HR & Management
What you need to know about the Trade Union Bill and its new striking rules
6 min read
14 September 2015
Parliament is debating the new Trade Union Bill today, but what does it mean for business?
Plans to tighten up UK strike ballot rules are being debated by the Houses of Parliament today, to much anger from the trade union sector.
So what do businesses sitting in the middle of the debate need to know?
Conservative government plans to implement new strike ballot laws were set out in the Queen’s speech earlier this year. The Trade Union Bill said it would “pursue our ambition to become the most prosperous major economy in the world by 2030 and ensure hardworking people are not disrupted by little-supported strike action”.
The Bill would see the introduction of a 50 per cent voting threshold for union ballot turnouts whilst retaining the requirement for there to be a simple majority of votes in favour. There would also be a new requirement that 40 per cent of those entitled to vote must vote in favour of industrial action in ‘certain essential public services’ such as health, education, fire and transport.
The Bill will replace current legislation where a strike can take place if backed by a simple majority of those balloted.
An often quoted example is the 48 hour Tube strikes in London last year where 77 per cent of RMT members who voted in the ballot backed action.
However, the number of eligible RMT members who took part was only 40 per cent – with reportedly only 31 per cent of the total workforce voting in favour.
The government believes the Bill would “ensure that strikes are the result of clear, positive and recent decisions by union members” and “ensure that disruption to essential public services has a democratic mandate”.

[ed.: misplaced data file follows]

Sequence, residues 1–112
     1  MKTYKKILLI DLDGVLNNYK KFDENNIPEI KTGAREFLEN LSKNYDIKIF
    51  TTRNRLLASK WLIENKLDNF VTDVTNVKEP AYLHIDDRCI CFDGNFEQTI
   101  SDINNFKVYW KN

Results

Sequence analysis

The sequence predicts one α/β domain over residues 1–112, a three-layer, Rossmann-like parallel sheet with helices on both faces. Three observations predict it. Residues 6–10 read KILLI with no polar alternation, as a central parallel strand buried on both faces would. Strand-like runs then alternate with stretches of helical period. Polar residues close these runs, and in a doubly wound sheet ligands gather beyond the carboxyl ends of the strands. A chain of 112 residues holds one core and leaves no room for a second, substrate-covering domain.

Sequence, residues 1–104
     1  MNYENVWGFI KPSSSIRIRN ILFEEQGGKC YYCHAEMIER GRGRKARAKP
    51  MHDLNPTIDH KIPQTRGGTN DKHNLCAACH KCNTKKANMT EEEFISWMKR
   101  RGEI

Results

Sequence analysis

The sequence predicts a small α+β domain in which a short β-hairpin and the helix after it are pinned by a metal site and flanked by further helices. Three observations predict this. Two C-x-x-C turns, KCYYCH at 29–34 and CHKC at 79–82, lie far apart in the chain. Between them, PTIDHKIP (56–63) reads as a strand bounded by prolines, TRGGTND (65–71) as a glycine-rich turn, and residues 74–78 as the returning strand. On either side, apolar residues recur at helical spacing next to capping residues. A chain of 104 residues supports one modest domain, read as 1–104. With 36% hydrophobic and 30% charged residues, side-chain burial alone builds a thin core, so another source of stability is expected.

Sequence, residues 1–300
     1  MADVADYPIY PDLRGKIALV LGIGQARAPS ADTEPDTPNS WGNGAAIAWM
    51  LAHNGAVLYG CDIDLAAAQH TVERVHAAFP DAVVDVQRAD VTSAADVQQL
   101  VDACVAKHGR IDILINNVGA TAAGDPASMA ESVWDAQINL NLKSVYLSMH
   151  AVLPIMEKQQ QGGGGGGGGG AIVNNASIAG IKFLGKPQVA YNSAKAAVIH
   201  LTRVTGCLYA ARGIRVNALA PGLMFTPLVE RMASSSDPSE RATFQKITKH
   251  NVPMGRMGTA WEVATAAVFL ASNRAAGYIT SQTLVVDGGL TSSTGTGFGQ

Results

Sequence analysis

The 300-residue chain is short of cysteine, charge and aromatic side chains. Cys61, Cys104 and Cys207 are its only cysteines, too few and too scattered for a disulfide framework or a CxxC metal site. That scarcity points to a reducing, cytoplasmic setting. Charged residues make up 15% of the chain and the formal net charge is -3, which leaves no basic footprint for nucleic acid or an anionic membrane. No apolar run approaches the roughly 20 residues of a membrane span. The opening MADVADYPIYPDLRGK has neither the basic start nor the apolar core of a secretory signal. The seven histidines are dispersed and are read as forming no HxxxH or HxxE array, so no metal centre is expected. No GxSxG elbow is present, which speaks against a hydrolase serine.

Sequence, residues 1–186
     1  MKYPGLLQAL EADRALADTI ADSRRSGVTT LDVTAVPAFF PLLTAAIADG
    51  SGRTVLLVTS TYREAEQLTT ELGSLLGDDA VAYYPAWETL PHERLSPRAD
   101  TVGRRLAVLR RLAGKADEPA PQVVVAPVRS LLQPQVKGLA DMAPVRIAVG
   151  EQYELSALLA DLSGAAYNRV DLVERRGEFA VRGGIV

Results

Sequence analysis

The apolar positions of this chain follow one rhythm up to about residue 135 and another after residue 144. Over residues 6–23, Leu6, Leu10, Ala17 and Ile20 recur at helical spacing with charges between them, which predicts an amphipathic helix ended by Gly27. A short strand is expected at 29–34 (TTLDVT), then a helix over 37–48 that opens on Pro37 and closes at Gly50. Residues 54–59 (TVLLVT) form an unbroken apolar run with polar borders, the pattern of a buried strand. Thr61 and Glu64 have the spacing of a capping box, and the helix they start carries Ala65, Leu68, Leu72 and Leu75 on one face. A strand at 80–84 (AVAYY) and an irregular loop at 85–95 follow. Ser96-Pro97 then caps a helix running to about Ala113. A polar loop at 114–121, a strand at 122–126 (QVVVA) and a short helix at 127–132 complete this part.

The Trades Union Congress believes the Bill will risk damaging the relationship between employers and workers.
“Everyone prefers a negotiated agreement to a strike, but you only get real negotiation when there is a fair balance of power on both sides of the table. Collective bargaining works because both sides understand what the other can deliver, and it’s why genuine negotiations rarely result in strikes and achieve a deal. Instead of this bill, we need to foster a culture of positive relationships between employers and unions, based on mutual respect. This is better for the long-term success of British industry as it achieves employee engagement and trust between workers and employers,” it has said.
So what do employers need to know about recognition?
A union that is recognised by an employer can expect to: have relevant information disclosed to it to facilitate collective bargaining; be consulted where 20 or more redundancies are to be made in a 90 day period or less; be consulted where there is a transfer of an undertaking, be consulted in relation of health and safety matters; and be recognised when dealing with pay, hours and holiday negotiations for defined bargaining units.
An independent trade union that wishes to be recognised to collectively bargain on behalf of a group of workers can seek recognition by negotiation and agreement with the employer. If agreement cannot be reached it can then use the statutory procedure set out under Part I of Schedule A1 to the Trade Union and Labour Relations (Consolidation) Act 1992.
To be a valid recognition request it must in writing identify the union and the bargaining unit, and state that it is made under Schedule A1. The union has to have a certificate of independence and the employer must employ at least 21 workers on the day it receives the union’s request or an average of at least 21 workers in the 13 weeks ending with that day.
The employer then has ten working days starting from the day after the day on which it receives the union’s request to accept, reject, or advise the union that it is willing to negotiate.
If matters can’t be agreed between union and employer then it moves to the statutory process. This begins when the union makes a written request for recognition direct to the employer. If unsuccessful then the union must submit an application for recognition to the Central Arbitration Committee or CAC.
It must be satisfied that at least ten per cent of the workers in the union’s proposed bargaining unit are members of the union and that a majority of workers within the bargaining unit are likely to support recognition of the union. If the CAC is not satisfied then it can arrange for a secret ballot to be held.
Once recognition is in place it is then for the employer and union to agree a method of collective bargaining on pay, hours and holidays.